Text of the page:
More than 50,000 people protested a disputed railway project in southwestern Germany on Friday, a day after scores of demonstrators were injured when police broke up a rally there.
A spokesman for the organizers, Matthias von Hermann, said more than 100,000 people attended the rally in Stuttgart, protesting the 4.1 billion euro (US$5.5 billion) railway project, which foresees moving the city’s station underground.
“This is the biggest protest against the planned construction we ever had,” he said.
However, police spokesman Stefan Keilbach said about 50,000 people were marching through downtown Stuttgart — a wealthy city of 600,000 inhabitants. There were no clashes or arrests, he said.
On Thursday, about 1,000 police officers used water cannons and pepper spray to break up a rally there, leaving 130 people injured, 16 of whom had to be hospitalized, and 26 demonstrators were temporarily detained, police said.
The eruption of violence shocked the country and German Chancellor Angela Merkel called the large number of injuries “saddening,” her spokesman Steffen Seibert said.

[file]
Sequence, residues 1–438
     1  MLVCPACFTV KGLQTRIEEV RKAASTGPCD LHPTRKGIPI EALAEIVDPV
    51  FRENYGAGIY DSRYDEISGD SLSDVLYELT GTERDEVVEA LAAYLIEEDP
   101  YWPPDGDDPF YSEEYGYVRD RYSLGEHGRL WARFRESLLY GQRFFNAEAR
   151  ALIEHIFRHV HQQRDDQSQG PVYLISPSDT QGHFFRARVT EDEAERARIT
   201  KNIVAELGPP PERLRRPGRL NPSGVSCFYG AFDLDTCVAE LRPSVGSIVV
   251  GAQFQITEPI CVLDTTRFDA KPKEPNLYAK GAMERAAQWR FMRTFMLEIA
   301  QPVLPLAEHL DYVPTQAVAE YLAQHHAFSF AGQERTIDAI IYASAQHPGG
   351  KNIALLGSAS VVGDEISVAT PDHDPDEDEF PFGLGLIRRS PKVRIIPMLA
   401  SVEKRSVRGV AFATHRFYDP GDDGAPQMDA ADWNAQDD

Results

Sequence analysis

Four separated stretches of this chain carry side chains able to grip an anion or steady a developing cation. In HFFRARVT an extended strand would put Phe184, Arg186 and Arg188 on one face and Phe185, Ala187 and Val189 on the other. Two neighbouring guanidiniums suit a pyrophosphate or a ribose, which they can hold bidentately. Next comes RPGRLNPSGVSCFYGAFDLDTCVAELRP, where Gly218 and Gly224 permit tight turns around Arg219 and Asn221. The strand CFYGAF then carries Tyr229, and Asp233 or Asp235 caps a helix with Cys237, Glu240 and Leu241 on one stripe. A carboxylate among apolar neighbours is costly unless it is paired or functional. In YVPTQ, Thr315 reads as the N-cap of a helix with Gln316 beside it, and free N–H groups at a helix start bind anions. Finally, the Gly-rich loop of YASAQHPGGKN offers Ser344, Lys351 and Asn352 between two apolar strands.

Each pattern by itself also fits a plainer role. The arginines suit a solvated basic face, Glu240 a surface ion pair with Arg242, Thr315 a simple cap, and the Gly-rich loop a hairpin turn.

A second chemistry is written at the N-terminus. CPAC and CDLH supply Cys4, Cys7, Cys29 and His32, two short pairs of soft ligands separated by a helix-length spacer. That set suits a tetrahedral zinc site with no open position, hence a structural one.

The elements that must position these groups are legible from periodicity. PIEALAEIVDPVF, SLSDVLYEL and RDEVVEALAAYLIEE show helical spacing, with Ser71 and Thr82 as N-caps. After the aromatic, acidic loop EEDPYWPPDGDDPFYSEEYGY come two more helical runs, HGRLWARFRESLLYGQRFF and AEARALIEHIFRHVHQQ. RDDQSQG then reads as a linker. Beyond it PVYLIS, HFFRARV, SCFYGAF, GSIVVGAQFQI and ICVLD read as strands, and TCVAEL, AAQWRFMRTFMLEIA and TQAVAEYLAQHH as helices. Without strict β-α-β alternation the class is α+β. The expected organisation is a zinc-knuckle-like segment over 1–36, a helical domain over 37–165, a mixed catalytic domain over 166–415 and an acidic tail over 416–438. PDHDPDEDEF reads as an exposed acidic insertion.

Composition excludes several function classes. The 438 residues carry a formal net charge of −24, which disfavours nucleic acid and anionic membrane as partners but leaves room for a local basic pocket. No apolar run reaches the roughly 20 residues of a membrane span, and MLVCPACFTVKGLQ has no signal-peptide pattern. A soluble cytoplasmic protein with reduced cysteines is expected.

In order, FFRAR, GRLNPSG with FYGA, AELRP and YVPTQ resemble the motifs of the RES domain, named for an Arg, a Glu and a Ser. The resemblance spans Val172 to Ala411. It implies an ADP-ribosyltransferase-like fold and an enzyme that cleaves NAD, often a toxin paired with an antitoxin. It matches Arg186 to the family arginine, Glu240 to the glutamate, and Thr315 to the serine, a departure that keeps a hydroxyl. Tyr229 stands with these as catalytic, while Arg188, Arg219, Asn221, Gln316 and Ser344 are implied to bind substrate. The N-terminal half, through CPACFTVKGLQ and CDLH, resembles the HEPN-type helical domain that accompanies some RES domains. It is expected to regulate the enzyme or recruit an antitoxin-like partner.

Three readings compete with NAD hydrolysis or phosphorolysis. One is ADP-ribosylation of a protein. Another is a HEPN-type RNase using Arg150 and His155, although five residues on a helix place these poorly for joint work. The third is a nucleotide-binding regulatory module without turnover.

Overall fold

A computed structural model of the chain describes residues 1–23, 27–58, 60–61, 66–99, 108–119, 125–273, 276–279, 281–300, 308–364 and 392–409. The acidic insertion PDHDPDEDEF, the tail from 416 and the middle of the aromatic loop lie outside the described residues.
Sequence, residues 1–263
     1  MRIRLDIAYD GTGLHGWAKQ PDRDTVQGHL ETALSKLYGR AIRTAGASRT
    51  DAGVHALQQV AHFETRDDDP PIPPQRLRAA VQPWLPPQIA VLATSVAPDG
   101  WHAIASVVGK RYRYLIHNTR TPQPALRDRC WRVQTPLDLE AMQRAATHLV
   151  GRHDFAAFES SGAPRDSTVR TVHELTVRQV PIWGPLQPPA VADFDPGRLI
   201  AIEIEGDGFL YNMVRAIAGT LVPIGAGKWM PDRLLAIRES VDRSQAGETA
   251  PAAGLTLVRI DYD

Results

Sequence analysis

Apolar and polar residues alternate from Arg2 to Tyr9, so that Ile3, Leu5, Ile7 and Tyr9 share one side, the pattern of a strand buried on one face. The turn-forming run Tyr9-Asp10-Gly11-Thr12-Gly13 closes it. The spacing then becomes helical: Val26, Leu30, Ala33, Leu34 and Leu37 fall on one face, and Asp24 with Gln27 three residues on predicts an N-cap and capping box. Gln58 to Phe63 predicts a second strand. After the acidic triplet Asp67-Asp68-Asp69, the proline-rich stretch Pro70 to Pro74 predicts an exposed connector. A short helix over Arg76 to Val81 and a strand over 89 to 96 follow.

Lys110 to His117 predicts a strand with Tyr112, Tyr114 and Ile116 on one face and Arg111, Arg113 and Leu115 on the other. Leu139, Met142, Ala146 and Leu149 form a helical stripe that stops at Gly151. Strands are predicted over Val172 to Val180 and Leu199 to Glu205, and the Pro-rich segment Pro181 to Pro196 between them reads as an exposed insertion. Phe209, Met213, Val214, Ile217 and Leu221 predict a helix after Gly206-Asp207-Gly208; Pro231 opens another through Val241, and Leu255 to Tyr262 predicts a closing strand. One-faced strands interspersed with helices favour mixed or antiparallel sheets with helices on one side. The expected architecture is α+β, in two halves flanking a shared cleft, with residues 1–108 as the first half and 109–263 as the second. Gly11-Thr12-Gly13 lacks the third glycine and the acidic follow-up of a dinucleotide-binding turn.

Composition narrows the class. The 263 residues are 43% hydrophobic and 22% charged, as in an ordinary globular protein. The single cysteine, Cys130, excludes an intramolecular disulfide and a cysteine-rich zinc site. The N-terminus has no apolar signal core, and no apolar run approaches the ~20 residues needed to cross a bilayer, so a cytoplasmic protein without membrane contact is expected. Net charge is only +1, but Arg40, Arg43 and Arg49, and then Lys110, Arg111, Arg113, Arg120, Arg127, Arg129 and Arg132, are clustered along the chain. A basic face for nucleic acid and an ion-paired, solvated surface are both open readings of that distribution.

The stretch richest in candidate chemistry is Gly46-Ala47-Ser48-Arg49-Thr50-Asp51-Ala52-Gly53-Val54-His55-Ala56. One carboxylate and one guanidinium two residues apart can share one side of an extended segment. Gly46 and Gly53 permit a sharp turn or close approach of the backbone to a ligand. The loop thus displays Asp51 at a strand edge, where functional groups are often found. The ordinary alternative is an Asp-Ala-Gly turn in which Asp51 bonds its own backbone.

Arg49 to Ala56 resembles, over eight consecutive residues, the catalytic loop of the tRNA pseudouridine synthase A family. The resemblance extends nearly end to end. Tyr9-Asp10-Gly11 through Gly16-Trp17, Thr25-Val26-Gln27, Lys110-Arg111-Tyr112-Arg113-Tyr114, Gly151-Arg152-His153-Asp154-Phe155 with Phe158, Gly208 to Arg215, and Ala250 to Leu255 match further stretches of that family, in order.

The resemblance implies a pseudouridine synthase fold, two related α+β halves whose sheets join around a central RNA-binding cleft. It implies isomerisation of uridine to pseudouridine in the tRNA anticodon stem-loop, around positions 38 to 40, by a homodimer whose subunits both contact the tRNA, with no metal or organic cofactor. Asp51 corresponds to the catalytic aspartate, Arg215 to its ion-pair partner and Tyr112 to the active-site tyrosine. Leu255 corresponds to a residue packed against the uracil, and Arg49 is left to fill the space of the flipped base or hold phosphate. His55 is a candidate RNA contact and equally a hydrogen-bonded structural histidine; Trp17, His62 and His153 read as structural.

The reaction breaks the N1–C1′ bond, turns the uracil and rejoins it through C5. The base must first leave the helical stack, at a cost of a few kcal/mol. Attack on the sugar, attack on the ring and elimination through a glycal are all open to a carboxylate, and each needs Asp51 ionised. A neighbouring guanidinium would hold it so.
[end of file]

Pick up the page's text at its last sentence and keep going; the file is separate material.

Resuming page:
Merkel strongly endorses the right to peaceful protests, but said the project has been democratically approved and must go forward, he added. Merkel said earlier this week its completion is now a question of credibility for Germany as a whole.
Protesters condemned Thursday’s violence, carrying banners saying “Shame on You” and calling for Baden-Wurttemburg -Minister-President Stefan Mappus’ resignation.
One protester told German news agency DAPD she had not participated in a demonstration for at least 20 years but that it’s now time for citizens to change the way politics works.
The recent protests, which have drawn people of all ages and social levels, threaten to halt the construction of Stuttgart 21, which is one of the country’s major infrastructure projects.
Proponents of the plan to move the station underground say the freed-up space in the city’s crowded center can be used for new apartments and business buildings, and new tracks for faster connections will improve southern Germany’s railway network.
However, critics — including several environment groups and The Greens party — say new cost overruns are likely, possibly putting the final price tag up to 10 billion euros, making riding German trains more expensive but not significantly faster.
The Social Democratic Party, the main opposition party, has called for a referendum to decide on the future of Stuttgart 21.
The governing Christian Democrat Union (CDU) rejects that idea — but the upcoming election in Baden-Wurttemberg state, the area around Stuttgart, is likely to turn into a referendum on the matter.
The latest polls indicated Merkel’s party could lose its majority in the state for the first time in decades.